Women in Law Enforcement Essay There are many stereotypes that women in law enforcement field had to face throughout time. Women troubled with being taken serious as a crime fighter, or if a women would ever be allowed to become a police officer, was a question because women are usually viewed from others as too small, weak and gentle to ever be taken serious from the public. In this research paper I will explain the background on women in the law enforcement and how women have the same intelligence, communication, compassion, and diplomacy as a male officer.
Having examples from articles and an interview from a women officer will help my thesis on how women can be successful as any male officer. Women have struggled since the early 1800s to have a career with law enforcement so one day hope to succeed and be recognized as a valued part of law enforcement just like their male counterparts. Women dealt with lack of respect, sexual harassment, discrimination.
These times were very difficult and challenging for female officers not only verbally and emotionally but also because the police department only made uniforms to fit men officers, who made the female officers, look unprofessional and uncomfortable and very hard to do their job, when they could hardly walk in the heavy yet loose-fitting uniforms they wore. “In the past women had two choices: They could wear a very high-waisted, darted pants pattern from the 1970s or they could wear men’s pants,”(Garret).
These uniforms make a female’s job even more difficult with the extra weight and fabric bunched inside of their uniform, also caused a delay when reaching for their firearm. The uniforms made their job even more dangerous for females than for male officers. This demonstrates an immense example of how fearless women had to be, known that they were an easier target to take advantage of and was more overlooked from citizens. During World War II women were hired into law enforcement agencies, except most of these women who were hired to auxiliary work.
The women that joined the police force during the war helped to assist new men that were employed or couldn’t join the military. Many women worked as dispatchers or clerical workers within the departments. While men officers still had patrol duties and worked as the crime fighters. The women were stuck with any job that a male officer wouldn’t like to do or feel comfortable doing, like helping with children and young women, or talking to families.
After the war had ended a new push toward advancing women in the career through integration with the men officers, became more demanding than ever before. The amount of women wanting a career in law enforcement encouraged them to work harder for a higher profession as a career distinct from a social worker and office help to working in the field with the men; starting with patrol ride along. These changes led to greater demands for equal treatment and opportunities for women police officers.
The 1950s and early 1960s was when women started to double with the number of them working in law enforcement. This was the beginning of a change in policing that would have a dramatic effect on women in law enforcement everywhere. The changes helped women excel with the police force throughout the 70’s and 80’s. In 1972 the Civil Rights Act Title VII expanded to include public agencies and as a result police departments were prohibited by law from discriminating against women in hiring, recruiting, promotions, and working conditions.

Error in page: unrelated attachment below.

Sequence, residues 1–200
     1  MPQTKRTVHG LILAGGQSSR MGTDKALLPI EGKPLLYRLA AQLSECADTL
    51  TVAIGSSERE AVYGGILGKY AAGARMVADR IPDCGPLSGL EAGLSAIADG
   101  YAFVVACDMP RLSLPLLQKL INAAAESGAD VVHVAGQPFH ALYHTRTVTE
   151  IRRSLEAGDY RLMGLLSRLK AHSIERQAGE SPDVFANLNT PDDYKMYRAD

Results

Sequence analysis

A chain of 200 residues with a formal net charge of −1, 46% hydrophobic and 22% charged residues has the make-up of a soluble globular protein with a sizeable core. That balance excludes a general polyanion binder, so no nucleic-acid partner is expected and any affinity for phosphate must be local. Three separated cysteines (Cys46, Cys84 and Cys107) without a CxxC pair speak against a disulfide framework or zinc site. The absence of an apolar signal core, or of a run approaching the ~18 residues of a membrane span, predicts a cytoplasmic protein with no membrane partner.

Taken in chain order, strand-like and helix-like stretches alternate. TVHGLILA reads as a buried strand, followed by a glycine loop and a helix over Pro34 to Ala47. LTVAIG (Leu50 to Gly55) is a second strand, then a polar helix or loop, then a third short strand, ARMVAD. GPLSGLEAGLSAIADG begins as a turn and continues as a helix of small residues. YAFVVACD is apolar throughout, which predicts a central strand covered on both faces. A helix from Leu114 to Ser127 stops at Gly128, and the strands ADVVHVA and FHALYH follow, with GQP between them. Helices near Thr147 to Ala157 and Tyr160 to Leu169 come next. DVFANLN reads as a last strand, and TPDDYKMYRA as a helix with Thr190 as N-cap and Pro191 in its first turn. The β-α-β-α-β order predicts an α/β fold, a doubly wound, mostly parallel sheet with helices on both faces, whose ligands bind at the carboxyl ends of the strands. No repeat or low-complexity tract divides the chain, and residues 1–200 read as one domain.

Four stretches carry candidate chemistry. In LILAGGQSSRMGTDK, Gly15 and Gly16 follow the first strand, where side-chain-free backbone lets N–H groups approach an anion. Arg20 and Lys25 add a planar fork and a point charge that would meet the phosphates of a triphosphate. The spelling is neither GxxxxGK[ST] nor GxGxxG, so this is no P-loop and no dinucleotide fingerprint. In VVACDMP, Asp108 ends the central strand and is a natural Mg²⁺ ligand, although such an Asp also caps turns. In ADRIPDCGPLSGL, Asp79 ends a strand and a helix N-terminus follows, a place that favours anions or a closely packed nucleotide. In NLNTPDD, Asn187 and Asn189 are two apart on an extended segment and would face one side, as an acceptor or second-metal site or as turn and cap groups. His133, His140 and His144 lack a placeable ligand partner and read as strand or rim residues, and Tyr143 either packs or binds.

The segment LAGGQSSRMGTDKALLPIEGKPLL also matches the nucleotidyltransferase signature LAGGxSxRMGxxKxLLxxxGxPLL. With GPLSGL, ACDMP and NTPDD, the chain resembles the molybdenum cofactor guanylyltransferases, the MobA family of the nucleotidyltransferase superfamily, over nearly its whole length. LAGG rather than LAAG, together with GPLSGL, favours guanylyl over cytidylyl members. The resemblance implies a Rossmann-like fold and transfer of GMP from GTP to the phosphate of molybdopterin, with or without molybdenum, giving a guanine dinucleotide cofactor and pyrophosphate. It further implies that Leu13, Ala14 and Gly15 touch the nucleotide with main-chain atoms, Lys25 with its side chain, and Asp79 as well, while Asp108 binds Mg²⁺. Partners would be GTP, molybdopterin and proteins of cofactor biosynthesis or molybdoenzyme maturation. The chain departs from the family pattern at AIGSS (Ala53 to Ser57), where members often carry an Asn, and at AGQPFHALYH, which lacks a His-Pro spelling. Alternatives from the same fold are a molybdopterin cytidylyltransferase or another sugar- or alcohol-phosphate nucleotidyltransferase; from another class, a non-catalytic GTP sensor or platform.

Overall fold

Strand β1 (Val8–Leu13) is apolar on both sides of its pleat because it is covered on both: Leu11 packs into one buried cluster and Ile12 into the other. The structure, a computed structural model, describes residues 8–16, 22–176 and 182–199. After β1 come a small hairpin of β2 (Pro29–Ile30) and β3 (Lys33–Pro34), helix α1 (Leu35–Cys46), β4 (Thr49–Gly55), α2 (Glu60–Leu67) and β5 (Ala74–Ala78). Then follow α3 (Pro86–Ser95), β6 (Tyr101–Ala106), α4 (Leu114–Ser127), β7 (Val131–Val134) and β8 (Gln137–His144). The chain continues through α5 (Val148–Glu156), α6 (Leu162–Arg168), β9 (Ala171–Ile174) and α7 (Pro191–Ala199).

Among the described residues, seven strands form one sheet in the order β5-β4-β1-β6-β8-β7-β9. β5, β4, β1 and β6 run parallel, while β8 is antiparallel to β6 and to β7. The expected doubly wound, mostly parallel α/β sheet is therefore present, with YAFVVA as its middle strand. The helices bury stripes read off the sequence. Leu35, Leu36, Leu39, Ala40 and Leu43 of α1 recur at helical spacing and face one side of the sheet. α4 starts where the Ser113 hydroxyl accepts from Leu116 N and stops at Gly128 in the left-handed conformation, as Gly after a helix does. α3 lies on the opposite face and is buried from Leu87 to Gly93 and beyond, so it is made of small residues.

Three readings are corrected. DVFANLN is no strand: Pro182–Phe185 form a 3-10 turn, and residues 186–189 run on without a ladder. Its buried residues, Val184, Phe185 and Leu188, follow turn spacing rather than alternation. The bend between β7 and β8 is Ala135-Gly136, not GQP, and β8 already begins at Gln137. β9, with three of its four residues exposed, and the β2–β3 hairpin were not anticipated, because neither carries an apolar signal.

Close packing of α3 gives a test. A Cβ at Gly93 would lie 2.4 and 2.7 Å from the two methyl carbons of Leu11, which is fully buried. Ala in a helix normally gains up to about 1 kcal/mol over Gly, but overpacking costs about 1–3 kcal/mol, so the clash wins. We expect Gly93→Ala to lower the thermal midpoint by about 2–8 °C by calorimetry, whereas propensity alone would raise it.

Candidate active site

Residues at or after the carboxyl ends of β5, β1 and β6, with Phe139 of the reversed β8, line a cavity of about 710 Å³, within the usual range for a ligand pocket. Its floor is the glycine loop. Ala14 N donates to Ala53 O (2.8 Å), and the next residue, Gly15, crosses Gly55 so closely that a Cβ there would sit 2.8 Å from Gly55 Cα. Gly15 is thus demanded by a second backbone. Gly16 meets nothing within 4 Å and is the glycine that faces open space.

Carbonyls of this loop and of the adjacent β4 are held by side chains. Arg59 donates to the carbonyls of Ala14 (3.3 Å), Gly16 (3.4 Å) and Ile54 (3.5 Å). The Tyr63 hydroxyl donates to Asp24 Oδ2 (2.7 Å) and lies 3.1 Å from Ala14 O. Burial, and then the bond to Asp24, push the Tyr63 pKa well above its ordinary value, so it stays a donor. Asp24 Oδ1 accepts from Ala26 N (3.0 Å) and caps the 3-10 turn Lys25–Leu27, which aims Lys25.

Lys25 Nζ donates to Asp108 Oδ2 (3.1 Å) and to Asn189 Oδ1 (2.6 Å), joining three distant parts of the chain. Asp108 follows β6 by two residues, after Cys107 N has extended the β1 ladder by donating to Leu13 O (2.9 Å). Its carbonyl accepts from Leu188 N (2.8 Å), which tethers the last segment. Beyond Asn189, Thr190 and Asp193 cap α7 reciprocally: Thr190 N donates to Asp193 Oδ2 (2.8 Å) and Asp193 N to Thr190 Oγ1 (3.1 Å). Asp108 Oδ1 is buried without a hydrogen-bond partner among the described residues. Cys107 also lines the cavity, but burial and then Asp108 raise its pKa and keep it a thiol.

The Revenue Sharing Act and the Crime Control Act, both helped women significantly on holding funds from departments that discriminated against. The percentage of women in police agencies from 1960 to around 1980 kept ever-increasing with larger numbers of women joining which brought more opportunities and challenges for them. From 1970 into the early 1990’s women in law enforcement have worked and fought for the same equal jobs of policing as men officers. A few examples would be on patrol, in command positions, and in promoting and recruiting officers. It is clear that the structural changes in the law in the United States have helped to create an increase in the numbers of women in this traditionally male dominated field of police work. In policing, as departments expanded in the early 1970’s, a related increase of black and white women police occurred driven by affirmative action practices”(Price). In 1985 Penny Harrington became the first woman to be named Chief of Police for a major city, Portland, Oregon, and in Atlanta, Georgia in 1994 Beverly J. Harvard became the first African American woman to be made Chief of Police for a large city.
These accomplishments are a strong testament to the courage and perseverance that women have shown throughout the history of women in policing. Despite the fact that the law enforcement fields are heavily male dominated, woman have been making a large impact for themselves throughout country. Until the women’s liberal movement in the 1970s, women generally had clerical roles or held jobs as dispatchers. Then, civil rights and affirmative action laws enabled women to assume they would have a job in law enforcement.
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